Too far north, you say? Much too cold? Not really. The 45th Parallel cuts through the vineyards here, as it does through the Willamette Valley in Oregon, the Médoc and Hermitage regions of France, and Piemonte in Italy — several of the world's very best wine-producing areas.

At the suggestion of Madeleine Triffon, the state's leading sommelier, I visited three vineyards, producing what she termed "the kinds of wines people like a lot because of their intrinsic quality, not just because they're made in Michigan": L. Mawby, a sparkling wine specialist; Peninsula Cellars, which produces outstanding dry and semidry rieslings; and Black Star.

Black Star is a lavish operation on a former horse farm, with vines planted in a natural amphitheater reminiscent of Italy and a white-porticoed inn (where we ate a delectable breakfast built around potato nests and, you guessed it, cherry-smoked bacon). Among its products are fine, hand-crafted cheeses — an herb-and-garlic-flavored fromage blanc and a firm, nutty Swiss-style raclette, both made by Michigan-born, Swiss-trained John Hoyt and his French wife, Anne Maillet, in a small, glass-walled area off the wine-tasting room.

The top wines, I thought, were the light, high-acid but still properly earthy and peppery 2000 Arcturos pinot noir and the sensational 2000 A Capella Riesling Ice Wine, made from grapes left on the vine long after the normal harvest and, in this case, picked in a fierce December snowstorm.

In addition, Black Star distills clear, traditional European-style eaux de vie, a rarity in this country, heretofore made only in Oregon and California. Pears, grapes, apricots and damson plums are used for these fragrant, luxurious spirits, as well as cherries (with the pits), as in kirschwasser.

Donald Coe, the managing partner, helped start Black Star after retiring from Allied Domecq Spirits and Wine, having spent summers here for 30 years. He and his team — including Lee Lutes, the winemaker, who once worked at Union Square Cafe in New York — approach their work with evangelistic zeal, bent on showing that value-added agriculture can succeed in Leelanau County. After investing $7 million, the owners hope to break even this year.

"I don't plan to take any money out," Mr. Coe explained when I expressed skepticism. "I see this as a kind of exhibition farm, devoted to the preservation of the countryside. If we don't show the farmers a new approach to agriculture, all the land around here will end up as subdivisions."

L. Mawby is, in fact, Larry Mawby, a jolly, bearded local boy made good, who produces some of the best sparkling wine between the Coasts, notably the fastidious, creamy 1997 Mille, with 53 months' aging on the yeast. "Here in the Midwest," he said, "we pronounce that Millie." His goal is to make something in a league with Roederer Estate's classy Anderson Valley sparklers.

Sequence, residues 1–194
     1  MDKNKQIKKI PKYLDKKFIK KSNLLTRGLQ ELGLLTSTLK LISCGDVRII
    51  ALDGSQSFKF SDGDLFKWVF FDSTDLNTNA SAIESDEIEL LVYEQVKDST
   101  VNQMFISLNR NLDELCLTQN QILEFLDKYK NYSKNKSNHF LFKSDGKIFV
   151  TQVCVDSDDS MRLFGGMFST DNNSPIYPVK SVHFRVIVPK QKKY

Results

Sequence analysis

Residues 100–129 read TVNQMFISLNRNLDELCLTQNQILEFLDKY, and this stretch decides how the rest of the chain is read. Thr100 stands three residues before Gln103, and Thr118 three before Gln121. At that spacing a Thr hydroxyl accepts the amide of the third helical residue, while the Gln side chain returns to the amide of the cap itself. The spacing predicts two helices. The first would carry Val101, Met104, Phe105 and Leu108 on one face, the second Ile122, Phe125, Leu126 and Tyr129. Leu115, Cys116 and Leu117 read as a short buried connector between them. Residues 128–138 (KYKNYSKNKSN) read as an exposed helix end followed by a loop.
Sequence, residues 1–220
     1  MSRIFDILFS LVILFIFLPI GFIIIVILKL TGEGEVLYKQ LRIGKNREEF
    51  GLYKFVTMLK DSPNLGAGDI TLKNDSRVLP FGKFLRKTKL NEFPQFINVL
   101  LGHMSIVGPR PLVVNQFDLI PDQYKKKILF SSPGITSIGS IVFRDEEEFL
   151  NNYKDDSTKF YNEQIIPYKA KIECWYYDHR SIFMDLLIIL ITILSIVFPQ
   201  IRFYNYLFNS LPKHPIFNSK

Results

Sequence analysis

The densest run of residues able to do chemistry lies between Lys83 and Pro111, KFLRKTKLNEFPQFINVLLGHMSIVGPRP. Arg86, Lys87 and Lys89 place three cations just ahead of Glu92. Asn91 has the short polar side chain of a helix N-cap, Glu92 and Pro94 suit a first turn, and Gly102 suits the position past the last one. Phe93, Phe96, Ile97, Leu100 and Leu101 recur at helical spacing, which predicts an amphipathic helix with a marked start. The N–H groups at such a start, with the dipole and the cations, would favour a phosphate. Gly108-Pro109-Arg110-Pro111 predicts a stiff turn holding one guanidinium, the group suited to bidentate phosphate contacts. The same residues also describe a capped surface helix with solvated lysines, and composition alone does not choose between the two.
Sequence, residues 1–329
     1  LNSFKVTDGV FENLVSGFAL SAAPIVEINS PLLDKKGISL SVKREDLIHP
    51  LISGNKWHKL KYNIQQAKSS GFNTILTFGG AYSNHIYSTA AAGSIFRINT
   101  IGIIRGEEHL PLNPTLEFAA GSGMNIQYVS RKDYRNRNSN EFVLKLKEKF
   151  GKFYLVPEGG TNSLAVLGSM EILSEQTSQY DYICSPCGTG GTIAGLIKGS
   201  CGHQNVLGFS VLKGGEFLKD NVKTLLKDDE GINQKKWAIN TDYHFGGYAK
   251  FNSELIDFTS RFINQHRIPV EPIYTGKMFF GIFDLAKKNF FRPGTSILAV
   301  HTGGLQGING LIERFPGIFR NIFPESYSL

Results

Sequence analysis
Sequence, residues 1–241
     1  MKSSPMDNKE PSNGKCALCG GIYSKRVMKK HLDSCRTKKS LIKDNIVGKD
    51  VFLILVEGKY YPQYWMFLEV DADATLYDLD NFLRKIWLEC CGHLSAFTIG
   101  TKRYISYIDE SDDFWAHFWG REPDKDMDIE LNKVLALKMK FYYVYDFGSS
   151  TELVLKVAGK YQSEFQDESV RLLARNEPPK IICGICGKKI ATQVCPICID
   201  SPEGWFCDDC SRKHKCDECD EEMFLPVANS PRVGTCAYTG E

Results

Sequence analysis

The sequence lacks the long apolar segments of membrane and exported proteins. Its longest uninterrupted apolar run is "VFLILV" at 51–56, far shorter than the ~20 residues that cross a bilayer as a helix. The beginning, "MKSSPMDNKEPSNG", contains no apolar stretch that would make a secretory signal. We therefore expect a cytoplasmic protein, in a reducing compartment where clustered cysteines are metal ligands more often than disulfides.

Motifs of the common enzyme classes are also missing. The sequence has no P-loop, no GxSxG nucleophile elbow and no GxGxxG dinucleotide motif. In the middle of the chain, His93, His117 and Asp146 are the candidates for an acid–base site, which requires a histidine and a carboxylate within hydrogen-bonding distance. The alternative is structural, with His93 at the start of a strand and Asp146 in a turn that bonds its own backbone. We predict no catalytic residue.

Peninsula shows its wines in a little red schoolhouse, and the proprietor, David Kroupa, is as modest as a country schoolteacher. Having won regional, national and international awards for his rieslings last year, he is about ready to uproot some of his other varietals and concentrate on that one.

"I guess it makes pretty good wine — at least for up here," he told me.

Mr. Pisor's bread, especially his chewy sourdough, modeled on Lionel Poilâne's discus-shaped Parisian loaves, and his "all-crust, no crumb" garlic fougasse, are another welcome surprise. So are the Illy coffee bar, the magnificent wines and the packaged foods (Charlie Trotter sauces, Dufour puff pastry, flavored sea salts from Marseilles) at Pram and Suzanne Acharya's new shop, Esperance, in Charlevoix. And so is the superb smoked freshwater fish, including chub, an all-but-forgotten childhood treat, at Carlson's in Leland, which has been in the same family for five generations.

Most welcome of all are the clear, distinct, intense flavors of the ice cream at Mr. Rashid's new Gelato Cafe, next to his retail outlet in Petoskey. Eating a cone of his spearmint chocolate chip is like chewing a leaf freshly plucked from the herb garden.

I asked Mr. Rashid why he came here. For the quality of the fruit, both cultivated and wild, like thimbleberries and marionberries, he replied. But he conceded that it was something more than that.

"I'm like a lot of people," he said. "We all come here as children and fall in love with it. It becomes part of your psyche. After living somewhere else for a while, you say, `I'm not happy here. Where was I happy?' And pretty soon you're back."

Gloria Whalen, the young people's author who won a National Book Award in 2000 for "Homeless Bird," has lived for almost 30 years on Oxbow Lake, southeast of here, enchanted by the region, she said, because "you can move with ease between civilization and isolation, between the sophisticated and the rural worlds."

But like many here, she worries that it may prove ephemeral. "It may be getting away from us," she said. "Traverse City is becoming a real city instead of a pretend city. They just built a new parking garage."